For colors - add a cup of ammonia, vinegar or Borax to the washing machine. If the ammonia smell is still apparent, do a light wash cycle or a second rinse. Borax should be mix with water so that dissolves completely. Again, dry thoroughly.

DO NOT MIX BLEACH and AMMONIA - in case you didn't know that already.

Do not leave your damp, sweaty clothes in a hamper or basket. Your sweaty clothes need to dry before being mixed with the rest of your laundry.

Also, occasionally run the wash cycle empty with a cup of bleach and hot water.
posted by shoesietart at 8:00 PM on December 10, 2011 [2 favorites]

Nothing beats hanging clothes out to dry on a breezy, sunny day.
posted by zadcat at 8:02 PM on December 10, 2011 [2 favorites]

You can also use 1/2 cup Pine Sol in your laundry to kill all the mildew. I do this for my towels and dishrags.

(Original formula only, not the funny-scented versions.)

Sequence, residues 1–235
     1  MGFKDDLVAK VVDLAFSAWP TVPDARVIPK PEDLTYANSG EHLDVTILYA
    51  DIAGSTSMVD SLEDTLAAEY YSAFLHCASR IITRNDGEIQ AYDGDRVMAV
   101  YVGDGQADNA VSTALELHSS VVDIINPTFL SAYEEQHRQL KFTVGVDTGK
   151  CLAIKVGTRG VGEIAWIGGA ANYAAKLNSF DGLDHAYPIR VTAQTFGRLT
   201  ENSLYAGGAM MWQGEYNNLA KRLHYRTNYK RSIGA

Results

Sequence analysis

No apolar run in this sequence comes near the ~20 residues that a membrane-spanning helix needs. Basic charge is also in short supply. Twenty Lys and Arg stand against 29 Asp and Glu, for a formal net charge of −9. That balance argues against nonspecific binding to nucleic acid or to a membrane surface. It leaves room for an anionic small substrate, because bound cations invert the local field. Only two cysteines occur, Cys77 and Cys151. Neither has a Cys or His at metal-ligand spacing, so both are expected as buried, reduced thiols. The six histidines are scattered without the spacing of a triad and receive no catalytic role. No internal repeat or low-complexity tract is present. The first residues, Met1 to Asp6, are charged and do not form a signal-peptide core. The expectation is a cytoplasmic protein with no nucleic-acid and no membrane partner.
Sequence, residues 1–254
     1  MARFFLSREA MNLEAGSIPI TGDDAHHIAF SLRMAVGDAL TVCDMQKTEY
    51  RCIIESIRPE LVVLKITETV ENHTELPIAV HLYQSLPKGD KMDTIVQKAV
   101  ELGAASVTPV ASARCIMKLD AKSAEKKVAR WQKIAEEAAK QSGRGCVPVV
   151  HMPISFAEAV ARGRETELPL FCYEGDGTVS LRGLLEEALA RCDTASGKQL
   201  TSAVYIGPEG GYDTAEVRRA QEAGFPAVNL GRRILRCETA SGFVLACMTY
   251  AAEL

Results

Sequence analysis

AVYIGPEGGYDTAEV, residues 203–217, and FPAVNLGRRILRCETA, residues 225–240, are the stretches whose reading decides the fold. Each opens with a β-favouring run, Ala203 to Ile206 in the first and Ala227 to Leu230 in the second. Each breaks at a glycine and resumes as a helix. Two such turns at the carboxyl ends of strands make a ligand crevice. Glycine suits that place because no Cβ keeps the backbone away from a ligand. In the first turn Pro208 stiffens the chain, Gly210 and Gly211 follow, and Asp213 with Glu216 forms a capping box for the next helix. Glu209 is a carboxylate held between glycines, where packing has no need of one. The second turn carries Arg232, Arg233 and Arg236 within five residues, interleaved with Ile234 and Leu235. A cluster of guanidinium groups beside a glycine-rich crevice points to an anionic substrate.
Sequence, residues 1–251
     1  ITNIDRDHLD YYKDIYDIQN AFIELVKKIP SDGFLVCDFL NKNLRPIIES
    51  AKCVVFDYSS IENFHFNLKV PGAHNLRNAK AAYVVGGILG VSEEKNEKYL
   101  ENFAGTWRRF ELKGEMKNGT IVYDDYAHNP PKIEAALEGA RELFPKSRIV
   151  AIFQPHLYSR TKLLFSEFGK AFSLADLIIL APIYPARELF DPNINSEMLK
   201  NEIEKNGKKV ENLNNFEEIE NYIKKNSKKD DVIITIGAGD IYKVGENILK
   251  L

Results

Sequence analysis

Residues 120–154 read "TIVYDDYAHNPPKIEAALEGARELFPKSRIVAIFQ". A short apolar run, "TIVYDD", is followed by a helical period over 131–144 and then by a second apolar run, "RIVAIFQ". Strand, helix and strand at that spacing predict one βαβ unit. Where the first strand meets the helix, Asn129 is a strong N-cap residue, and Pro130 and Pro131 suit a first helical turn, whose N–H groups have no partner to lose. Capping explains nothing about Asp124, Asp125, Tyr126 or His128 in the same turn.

And is it "as soon as they get sweaty"? Could it perhaps be that you work out in a shirt, drop it on a chair, and then later when you pick it up, the shirt smells bad? That's well within normal operating parameters.

Hanging up your damp things so that they get good air circulation while they dry will help this problem.
posted by ErikaB at 8:09 PM on December 10, 2011 [1 favorite]

Response by poster: Thanks for the answers so far.
To clarify, wetness seems to bring out the smell. I used sweat as an example, but when I really notice it is when taking a freshly washed towel and using it to dry off after a shower. So I am clean and the towel is clean. Shouldn't have used the sweat example - the same smell would come out if I added water to clean clothes.

To add some information, I'm using a HE front loading washer and front loading dryer (both Maytag Neptune). I am very good about promptly transferring clothes from the washer to the dryer and drying well, so I'm thinking the mildew makes its entrance into rags and workout clothes while they sit in a moist heap before laundering. I always take the lint out of the dryer, but I haven't checked the washer for a lint trap. I'm using liquid Tide Free detergent, and started using half of the recommended amount as an experiment in case there is residue, but haven't seen improvement. I will do a bunch of experiments, based on your suggestions. Thanks!
posted by rabbitfufu at 8:13 PM on December 10, 2011